count(p.product_id) as n  
from file_item p  
inner join family f on f.id = p.family_id  
inner join type t on f.id_type = t.id  
group by t.id order by t.name; 

You will need to make two major changes:

MAJOR CHANGE # 1 : Refactor the Query

SELECT A.ProductCount,B.name type
FROM
(
    SELECT id_type id,COUNT(1) ProductCount
    FROM
    (
        SELECT p.id_type
        FROM (SELECT family_id,id_type FROM file_item) p
        INNER JOIN (SELECT id FROM family) f on f.id = p.family_id
    ) AA
    GROUP BY id_type
) A
INNER JOIN type B USING (id)
ORDER BY B.name;

MAJOR CHANGE # 2 : Create Indexes That Will Support the Refactored Query

ALTER TABLE file_item ADD INDEX family_type_idx (family_id,id_type);

Give it a Try !!!

share|improve this answer
    
could you explain why this refactoring ? – arnaud576875 Aug 24 '11 at 17:34
    
In your query, GROUP BY and ORDER BY clauses are evaluated after all joins. The trick is to do two things: 1) force the query to have smaller temp tables using only the needed keys, 2) perform JOINs dead last. I learned it from this video : youtu.be/ZVisY-fEoMw. I used this technique to answer another very complex question involving thousansd of rows in StackOverflow : stackoverflow.com/questions/5983156/… – RolandoMySQLDBA Aug 24 '11 at 17:39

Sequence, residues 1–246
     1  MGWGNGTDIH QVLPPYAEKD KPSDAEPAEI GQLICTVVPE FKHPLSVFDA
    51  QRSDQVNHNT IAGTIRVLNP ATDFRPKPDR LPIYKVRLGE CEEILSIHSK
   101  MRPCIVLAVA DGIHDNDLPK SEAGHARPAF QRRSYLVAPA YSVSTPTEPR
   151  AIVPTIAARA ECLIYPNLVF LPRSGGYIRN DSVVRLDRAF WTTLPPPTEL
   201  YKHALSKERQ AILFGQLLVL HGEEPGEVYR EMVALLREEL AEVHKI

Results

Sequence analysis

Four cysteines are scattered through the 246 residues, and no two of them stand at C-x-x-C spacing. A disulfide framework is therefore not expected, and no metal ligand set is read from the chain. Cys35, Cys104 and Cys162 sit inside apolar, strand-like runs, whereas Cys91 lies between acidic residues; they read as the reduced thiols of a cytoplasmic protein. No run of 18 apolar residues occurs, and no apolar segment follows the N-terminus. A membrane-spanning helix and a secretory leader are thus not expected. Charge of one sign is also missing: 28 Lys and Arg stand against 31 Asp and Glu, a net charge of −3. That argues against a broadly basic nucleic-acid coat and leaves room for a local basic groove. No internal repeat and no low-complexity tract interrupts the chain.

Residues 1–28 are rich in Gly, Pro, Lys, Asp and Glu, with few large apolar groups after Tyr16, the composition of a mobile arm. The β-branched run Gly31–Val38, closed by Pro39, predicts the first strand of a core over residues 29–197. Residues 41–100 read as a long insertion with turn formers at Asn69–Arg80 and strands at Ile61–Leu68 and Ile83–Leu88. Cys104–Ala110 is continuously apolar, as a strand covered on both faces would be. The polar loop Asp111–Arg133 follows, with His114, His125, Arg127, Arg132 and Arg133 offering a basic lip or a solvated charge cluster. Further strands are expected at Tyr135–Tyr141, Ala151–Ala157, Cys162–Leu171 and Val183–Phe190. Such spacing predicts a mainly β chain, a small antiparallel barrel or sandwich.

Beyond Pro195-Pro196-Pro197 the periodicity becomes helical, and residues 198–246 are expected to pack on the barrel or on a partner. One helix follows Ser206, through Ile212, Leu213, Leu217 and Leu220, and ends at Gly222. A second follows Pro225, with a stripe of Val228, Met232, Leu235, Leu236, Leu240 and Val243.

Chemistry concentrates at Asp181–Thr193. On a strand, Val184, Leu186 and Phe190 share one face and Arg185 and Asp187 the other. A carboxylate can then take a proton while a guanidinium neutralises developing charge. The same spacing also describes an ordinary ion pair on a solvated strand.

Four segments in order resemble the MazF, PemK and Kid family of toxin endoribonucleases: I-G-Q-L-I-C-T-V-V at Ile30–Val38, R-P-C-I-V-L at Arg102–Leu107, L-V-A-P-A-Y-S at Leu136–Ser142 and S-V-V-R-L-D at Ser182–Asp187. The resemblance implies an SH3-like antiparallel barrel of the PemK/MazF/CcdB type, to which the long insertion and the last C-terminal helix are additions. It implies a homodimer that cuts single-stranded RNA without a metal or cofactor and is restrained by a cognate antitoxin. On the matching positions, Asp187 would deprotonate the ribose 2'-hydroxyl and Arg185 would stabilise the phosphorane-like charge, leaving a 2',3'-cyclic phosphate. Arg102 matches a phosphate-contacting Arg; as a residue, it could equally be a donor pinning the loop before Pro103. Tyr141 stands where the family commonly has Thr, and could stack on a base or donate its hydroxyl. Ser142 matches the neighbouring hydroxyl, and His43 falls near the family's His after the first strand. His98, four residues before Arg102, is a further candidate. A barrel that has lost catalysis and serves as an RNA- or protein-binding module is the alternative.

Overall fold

Lets decompose the query into parts:

  1. First, fetch each row of file_item => 13M rows
  2. For each returned row, fetch a row of family matching f.id = p.family_id. => 13M fetches, 13M rows
  3. For each returned row, fetch a row of type matching f.id_type = t.id. => 13M fetches, 13M rows
  4. Group by type.id => 10 rows
  5. Sort by type.name => 10 rows to sort

As you can see, your query needs fetch 13M rows from family and 13M rows from type.

You should start be reducing the number of row fetches needed to execute the query:

Assuming that f.id_type is a non-NULL foreign key, you can change the inner join type t to a left join type t. Then, change group by t.id to group by f.id_type.

Grouping on the f table instead of the t table and changing the inner join to a left join allows MySQL to execute the group by before fetching rows from t.

group by drastically reduces the number of rows, so this drastically reduce the number of fetches from t too:

  1. First, fetch each row of file_item => 13M rows
  2. For each returned row, fetch a row of family matching f.id = p.family_id. => 13M fetches, 13M rows
  3. Group by type.id => 10 rows
  4. For each returned row, fetch a row of type matching f.id_type = t.id. => 10 fetches, 10 rows
  5. Sort by type.name => 10 rows to sort

The result is that the query already fetches 13M less rows.

You can reduce that even more by denormalizing the schema a little:

If you add a family_type_id column in file_item, you could rewrite your query like this:

SELECT count(1)
FROM file_item p
JOIN type t ON t.id = p.family_type_id
GROUP BY p.family_type_id
ORDER BY t.name

With an index on file_item.family_type_id, this query should execute in milliseconds.

share|improve this answer

Your Answer

 
discard

By posting your answer, you agree to the privacy policy and terms of service.

Not the answer you're looking for? Browse other questions tagged or ask your own question.